In the face of hate,
We answer the call of love.
In the face of exclusion,
We answer the call of inclusion.
In the face of homophobia,
We answer the call of LGBTQ rights.
In the face of racism,
We answer of justice for all races.
In the face of xenophobia,
We answer the call of pluralism.
In the face of misogyny,
We answer the call of women’s rights.
In the face of demagoguery,
We answer the call of reason.
In the face of religious intolerance,
We answer the call of diversity.
In the face of narrow nationalism,
We answer the call of global community.
In the face of bigotry,
We answer the call of open-mindedness.
In the face of despair,
We answer the call of hope.

As Unitarian Universalists, we answer the call of love —
now more than ever.

Sermon: “Answering the Call of Love” by Rev. Jason Cook

“If you’ve looked ahead on your order service you know we’re going to be singing the song “Standing on the Side of Love” today, only we are going to be singing it as “answering the call of love” instead. The composer, Jason Shelton, has asked us to sing it that way from now on. The question is why?

In a word: ableism.”
Is the beginning of Rev Jason Cook’s Sermon delivered at the Unitarian Universalist Congregation in Fullerton, CA on November 13, 2016. I hope you find it insightful.
Namaste,
Cricket

Sunday March 19, 2017: The Doctrine of Love

Prelude: Mango Thoughts in a Meatloaf Town
Rev. Meg Barnhouse, First UU, Austin, Texas

Welcome

Hosea Ballou saidMan, being not only a religious, but also a social being, requires for the promotion of his rational happiness religious institutions, which, while they give a proper direction to devotion, at the same time make a wise, and profitable improvement of his social feelings.” And so we gather here, not only to practice our religion, but to support each other.

Chalice Lighting Drawn Together – Jennifer Leota Gray

We come together every week bound not by a creed,
Or a mutual desire to please one God or many Gods
Yet we are drawn together by a belief, that how we are in the world,
Who we are together matters.
We light this chalice, together in the knowledge
That love, not fear, can change this world Continue reading

Meditation on Love

[TEDTalks (audio)] A better way to talk about love | Mandy Len Catron

“In love, we fall. We’re struck, we’re crushed, we swoon. We burn with passion. Love makes us crazy and makes us sick. Our hearts ache, and then they break. Talking about love in this way fundamentally shapes how we experience it, says writer Mandy Len Catron. In this talk for anyone who’s ever felt crazy in love, Catron highlights a different metaphor for love that may help us find more joy — and less suffering — in it.”


https://download.ted.com/talks/MandyLenCatron_SFU_2015X.mp3?apikey=172BB350-0207


May these words help us all focus on love and how it should be.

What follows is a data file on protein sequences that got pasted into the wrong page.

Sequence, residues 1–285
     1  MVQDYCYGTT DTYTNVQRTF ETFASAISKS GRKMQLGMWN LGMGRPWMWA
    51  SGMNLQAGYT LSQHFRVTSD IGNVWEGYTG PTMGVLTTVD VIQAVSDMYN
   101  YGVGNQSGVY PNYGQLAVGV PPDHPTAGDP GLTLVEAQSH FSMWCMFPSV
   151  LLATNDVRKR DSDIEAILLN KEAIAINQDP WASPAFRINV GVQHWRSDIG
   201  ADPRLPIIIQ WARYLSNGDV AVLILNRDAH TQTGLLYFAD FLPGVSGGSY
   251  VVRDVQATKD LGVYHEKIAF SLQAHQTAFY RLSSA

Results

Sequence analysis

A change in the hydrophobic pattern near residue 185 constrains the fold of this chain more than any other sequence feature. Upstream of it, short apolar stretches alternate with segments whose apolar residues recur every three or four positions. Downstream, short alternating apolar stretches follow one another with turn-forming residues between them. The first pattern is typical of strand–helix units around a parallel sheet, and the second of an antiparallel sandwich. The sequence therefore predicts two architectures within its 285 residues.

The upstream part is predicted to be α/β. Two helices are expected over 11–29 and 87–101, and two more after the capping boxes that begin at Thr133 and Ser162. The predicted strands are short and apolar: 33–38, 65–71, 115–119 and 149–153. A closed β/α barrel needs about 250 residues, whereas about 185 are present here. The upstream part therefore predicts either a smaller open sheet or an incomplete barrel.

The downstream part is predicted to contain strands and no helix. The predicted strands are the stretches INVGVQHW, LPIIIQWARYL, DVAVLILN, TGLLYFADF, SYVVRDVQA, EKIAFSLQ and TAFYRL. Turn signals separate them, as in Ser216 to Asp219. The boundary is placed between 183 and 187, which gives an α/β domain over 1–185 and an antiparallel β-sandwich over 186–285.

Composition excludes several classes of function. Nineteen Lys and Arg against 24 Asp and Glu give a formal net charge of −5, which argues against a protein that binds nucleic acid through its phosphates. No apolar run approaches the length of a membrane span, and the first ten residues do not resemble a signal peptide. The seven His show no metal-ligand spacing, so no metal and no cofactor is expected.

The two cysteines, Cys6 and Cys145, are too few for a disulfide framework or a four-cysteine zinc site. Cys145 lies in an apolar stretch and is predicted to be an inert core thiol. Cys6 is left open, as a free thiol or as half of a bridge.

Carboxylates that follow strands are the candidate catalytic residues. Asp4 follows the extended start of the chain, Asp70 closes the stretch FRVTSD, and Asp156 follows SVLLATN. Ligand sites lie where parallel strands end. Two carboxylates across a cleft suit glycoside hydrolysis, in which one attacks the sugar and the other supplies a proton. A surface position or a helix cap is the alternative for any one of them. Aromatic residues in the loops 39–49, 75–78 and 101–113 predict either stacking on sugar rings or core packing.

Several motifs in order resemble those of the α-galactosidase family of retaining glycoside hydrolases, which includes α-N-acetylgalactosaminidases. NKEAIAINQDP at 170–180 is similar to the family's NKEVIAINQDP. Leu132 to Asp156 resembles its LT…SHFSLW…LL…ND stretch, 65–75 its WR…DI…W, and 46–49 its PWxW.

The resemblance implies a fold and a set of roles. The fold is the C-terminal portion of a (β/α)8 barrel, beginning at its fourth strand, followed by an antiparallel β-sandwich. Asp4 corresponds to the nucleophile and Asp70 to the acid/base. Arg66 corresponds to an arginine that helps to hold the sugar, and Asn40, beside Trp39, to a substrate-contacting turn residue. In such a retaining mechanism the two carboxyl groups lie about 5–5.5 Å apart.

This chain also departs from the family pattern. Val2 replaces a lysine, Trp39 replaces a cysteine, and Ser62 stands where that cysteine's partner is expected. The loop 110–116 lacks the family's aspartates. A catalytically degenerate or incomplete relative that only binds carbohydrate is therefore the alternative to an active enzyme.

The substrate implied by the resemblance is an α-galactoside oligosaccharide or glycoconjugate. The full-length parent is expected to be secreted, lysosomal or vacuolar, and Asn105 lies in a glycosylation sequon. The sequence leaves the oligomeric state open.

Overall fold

Namaste, 

Cricket 


#UULent

Holding Reality and Possibility Together

I invite you now into a time of gratitude, reflection, renewal and hope.

What an unearned blessing to delight in the calming peace of this space;
to hear the robin’s song again at daybreak;
to feel the warmth in this room,
and to enjoy the promise of summer almost upon us.
Each moment of wakefulness has so many gifts that offer energy and delight.

Yet, too often they seem unavailable
as the weight of our troubles press down on us.
The threats to our well being, real or exaggerated,
feel like mosquitoes in the night looking for a place to land.
Minds become captive to rising flood waters: forceful, murky, threatening and ominous.

Even in moments of great danger, the direction of attention is a choice.
Fear can dominate the mind, binding it like a straitjacket.
Or love can unbind it and open it to resource and opportunity.
The soil of the mind can be watered with kindness.
The thorns can be removed one by one to appreciate the buds ready to flower.

Great possibilities await us even if all we can see is the cliff before us.
The grandeur of life, of which we are a part,
scatters rainbows in every direction, even as the deluge approaches.
Holding reality and possibility together is the holy, hope-filled work of humanity

If…we choose it, again and again, in love.

About the Author

Devotional for Day 2

 

“Why a flaming chalice?” the question comes.
It’s the cup of life, we answer.
A cup of blessings overflowing.
A cup of water to quench our spirits’ thirst.
A cup of wine for celebration and dedication.
The flame of truth.
The fire of purification.
Oil for anointing, healing.
Out of chaos, fear, and horror,
thus was the symbol crafted, a generation ago.
So may it be for us,
in these days of uncertainty, sorrow, and rage.
And a light to warm our souls and guide us home.